Date Posted: March 2008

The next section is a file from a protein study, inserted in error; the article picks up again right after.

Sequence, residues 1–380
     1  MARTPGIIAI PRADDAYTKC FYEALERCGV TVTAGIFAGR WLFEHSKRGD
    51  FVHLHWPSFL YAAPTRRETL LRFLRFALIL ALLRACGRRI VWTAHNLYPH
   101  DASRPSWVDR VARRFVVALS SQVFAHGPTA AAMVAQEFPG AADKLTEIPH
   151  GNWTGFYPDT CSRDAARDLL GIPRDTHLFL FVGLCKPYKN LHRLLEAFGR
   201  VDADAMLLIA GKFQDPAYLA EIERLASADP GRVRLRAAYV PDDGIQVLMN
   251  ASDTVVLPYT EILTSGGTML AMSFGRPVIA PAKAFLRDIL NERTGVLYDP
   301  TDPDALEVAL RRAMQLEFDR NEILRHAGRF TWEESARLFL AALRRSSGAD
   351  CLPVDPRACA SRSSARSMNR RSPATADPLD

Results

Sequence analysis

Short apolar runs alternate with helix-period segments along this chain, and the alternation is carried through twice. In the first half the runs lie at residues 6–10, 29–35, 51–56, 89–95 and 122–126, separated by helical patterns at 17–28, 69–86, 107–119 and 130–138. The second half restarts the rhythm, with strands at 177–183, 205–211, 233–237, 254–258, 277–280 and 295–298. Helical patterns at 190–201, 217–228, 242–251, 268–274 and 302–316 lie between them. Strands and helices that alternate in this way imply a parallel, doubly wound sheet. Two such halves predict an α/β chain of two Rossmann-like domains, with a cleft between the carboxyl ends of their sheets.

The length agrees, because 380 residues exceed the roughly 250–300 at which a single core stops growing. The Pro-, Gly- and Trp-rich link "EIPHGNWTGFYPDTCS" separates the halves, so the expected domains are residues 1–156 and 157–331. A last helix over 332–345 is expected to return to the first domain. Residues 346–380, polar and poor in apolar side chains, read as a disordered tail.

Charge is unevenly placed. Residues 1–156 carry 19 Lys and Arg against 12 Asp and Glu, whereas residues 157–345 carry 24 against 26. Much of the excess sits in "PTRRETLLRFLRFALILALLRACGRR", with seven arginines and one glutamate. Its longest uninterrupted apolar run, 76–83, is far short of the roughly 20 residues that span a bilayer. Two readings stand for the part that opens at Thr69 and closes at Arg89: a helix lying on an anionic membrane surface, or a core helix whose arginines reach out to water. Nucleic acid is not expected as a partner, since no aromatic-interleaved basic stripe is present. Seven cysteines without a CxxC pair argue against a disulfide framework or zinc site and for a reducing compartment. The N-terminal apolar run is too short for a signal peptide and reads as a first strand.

This article contends that there are strong historical and economic arguments in favor of limited liability for corporate shareholders that arise from the federal structure in the United States. Limited liability is an important tool for minimizing extraterritorial regulation. It allows each state to bar other states from imposing liability on corporations created in their respective states in a manner that deviates from the policy of the state of incorporation. Moreover, it allows states to compete as centers of corporate creation. Certain states have developed particularly stringent doctrines of limited liability and it is arguably no accident that such states are favorites for those seeking to incorporate. Likewise, States with stringent doctrines of limited liability may protect their corporations from the application of relaxed standards of tort liability found in other jurisdictions or procedural standards that threaten to impose significant and arguably unwarranted liability upon the corporate entity. Plaintiffs under such circumstances will find themselves limited to the assets of the corporation even though they may be able to establish entitlement to far greater sums under the laws of their own jurisdictions. This aspect of limited liability has become even more important given the recent increase in forum shopping and the recognition of certain jurisdictions as magnets for claims that would not succeed elsewhere. Moreover, it explains the continuing vitality of limited liability in the context of involuntary tort creditors, which has been the focus of significant academic criticism.